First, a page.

|       Tarot readings are arrangements of cards drawn from a shuffled deck. The layout of the cards is known as a spread, and determines what each card refers to. For example, the Two Paths spread is used to understand an upcoming decision, and hence it uses cards to represent the different options and their outcomes.
Decks: Tarot decks consist of 78 cards. 22 of the cards are major arcana (trumps), such as The Lovers, The Fool, The Pope, and The World. The remaining 56 cards are minor arcana divided into 4 suites of 14 cards each. The suites are Swords, Cups, Wands (sometimes called Rods or Staves), and Pentacles (sometimes called Coins or Discs). Although the traditional meanings of the cards are the same regardless of the specific deck used, the imagery and language associated with each deck tends to make it particularly useful for some types of readings. For example, many of our visitors find the Renaissance Tarot particularly good at questions of passion, mastery, and reason.
Reversals: About half of the cards in a reading are drawn reversed (upside down), which either negates or inverts their meaning. For example, Death upright means "change", but Death reversed means "stagnation".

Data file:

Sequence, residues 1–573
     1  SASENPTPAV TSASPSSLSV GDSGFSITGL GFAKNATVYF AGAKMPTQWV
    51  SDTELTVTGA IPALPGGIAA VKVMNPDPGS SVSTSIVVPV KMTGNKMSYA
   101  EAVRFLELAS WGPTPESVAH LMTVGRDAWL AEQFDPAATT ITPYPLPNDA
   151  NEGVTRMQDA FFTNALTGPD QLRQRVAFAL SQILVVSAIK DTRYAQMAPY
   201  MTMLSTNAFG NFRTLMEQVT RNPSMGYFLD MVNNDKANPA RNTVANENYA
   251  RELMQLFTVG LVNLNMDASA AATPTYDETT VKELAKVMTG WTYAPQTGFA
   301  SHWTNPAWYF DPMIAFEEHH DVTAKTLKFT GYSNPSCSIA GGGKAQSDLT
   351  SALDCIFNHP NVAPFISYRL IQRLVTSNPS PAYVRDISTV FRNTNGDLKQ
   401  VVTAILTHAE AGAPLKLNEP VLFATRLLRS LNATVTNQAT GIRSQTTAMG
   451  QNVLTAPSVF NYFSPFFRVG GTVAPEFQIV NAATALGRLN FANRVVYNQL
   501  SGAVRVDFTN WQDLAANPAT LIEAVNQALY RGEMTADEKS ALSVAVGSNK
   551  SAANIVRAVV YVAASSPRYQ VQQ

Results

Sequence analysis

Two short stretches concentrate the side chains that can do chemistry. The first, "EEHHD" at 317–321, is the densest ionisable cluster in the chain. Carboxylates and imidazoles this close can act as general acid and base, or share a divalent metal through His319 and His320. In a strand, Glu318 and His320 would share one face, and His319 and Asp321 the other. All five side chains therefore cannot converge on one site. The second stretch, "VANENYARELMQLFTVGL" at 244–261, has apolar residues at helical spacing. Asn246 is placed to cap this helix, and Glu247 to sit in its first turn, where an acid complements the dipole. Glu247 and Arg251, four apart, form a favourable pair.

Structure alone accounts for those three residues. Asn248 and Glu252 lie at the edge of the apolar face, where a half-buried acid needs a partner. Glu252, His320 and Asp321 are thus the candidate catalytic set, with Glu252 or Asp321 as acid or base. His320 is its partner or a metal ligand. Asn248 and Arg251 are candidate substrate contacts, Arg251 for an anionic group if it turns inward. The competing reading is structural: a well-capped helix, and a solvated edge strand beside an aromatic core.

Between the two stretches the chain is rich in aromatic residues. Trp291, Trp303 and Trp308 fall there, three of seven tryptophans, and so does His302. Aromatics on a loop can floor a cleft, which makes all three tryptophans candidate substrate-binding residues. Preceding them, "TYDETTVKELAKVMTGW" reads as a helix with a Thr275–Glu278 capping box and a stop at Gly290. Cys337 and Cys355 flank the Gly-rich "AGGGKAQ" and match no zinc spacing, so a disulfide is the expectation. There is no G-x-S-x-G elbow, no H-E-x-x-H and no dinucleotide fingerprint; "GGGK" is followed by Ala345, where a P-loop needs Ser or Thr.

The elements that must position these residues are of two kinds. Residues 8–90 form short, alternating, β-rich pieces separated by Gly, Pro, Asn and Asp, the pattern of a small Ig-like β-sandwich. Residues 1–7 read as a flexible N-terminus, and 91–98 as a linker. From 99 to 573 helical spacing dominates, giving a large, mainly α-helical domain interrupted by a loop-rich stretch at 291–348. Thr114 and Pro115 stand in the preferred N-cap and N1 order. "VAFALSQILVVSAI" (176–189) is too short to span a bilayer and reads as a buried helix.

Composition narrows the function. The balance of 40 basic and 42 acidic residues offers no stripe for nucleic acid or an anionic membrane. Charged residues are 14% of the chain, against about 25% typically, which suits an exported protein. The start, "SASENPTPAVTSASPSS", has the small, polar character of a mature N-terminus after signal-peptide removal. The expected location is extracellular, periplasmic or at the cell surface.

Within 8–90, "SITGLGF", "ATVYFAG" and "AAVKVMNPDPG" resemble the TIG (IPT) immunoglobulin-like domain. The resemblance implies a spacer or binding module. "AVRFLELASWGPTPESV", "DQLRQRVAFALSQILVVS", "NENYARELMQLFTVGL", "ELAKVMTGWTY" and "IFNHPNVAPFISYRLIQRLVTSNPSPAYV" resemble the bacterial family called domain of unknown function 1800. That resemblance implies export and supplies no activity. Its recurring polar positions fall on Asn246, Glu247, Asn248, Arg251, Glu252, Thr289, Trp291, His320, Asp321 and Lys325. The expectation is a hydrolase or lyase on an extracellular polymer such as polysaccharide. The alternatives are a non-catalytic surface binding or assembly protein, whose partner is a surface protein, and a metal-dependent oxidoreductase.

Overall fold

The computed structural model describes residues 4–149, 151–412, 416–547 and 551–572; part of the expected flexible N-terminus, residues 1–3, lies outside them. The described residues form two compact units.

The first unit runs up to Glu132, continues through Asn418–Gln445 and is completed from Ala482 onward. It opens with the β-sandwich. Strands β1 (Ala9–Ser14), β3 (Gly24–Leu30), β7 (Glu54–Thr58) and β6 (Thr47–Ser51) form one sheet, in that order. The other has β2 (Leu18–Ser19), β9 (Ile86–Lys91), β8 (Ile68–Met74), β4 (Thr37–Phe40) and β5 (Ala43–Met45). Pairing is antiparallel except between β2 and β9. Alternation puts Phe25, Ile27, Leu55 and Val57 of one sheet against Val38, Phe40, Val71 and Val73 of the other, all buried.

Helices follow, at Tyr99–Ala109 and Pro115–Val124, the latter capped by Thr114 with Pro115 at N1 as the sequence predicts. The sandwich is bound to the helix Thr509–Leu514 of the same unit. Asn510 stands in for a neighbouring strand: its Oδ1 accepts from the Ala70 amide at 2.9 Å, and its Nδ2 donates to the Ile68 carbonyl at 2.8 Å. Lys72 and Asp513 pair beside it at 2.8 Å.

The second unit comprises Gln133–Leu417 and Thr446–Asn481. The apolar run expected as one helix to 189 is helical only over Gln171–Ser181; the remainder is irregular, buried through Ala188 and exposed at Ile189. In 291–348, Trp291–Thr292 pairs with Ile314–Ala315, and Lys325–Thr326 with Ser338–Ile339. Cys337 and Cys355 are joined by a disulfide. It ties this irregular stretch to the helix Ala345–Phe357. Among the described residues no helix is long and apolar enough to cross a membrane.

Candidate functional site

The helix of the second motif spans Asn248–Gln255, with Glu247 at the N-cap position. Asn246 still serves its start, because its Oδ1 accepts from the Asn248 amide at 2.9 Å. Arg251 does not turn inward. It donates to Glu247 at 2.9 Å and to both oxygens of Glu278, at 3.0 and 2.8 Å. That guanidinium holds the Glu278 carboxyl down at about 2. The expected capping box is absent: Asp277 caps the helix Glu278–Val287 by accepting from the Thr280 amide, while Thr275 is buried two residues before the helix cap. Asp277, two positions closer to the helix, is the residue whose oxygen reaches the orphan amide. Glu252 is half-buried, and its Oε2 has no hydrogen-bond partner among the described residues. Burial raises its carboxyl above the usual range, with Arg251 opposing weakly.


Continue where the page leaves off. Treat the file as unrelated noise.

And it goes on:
In this deck Hermann Haindl weaves a tapestry of haunting beauty from the traditions of Native America, the Holy Grail, the I Ching, Kabbalah and the Norse Runes.
|Complete Guide to the Tarot|
A solid introduction to the symbolism of the Tarot cards and their use in divination, with some history and related mysticism thrown in for good measure.
|New Palladini Tarot|
A project that was 25 years in the making, David Palladini created this deck to "bridge the ancient and the future". Using elements of Medieval, Egyptian and modern art, this deck is the ideal "mirror for one's own development".
|Russian Tarot of Saint Petersburg|
The final commissioned work of Yuri Shakov. This deck is a masterpiece in the art of Russian miniature painting; an art rarely mastered. The rich, dark images lead themselves to more stoic interpretations.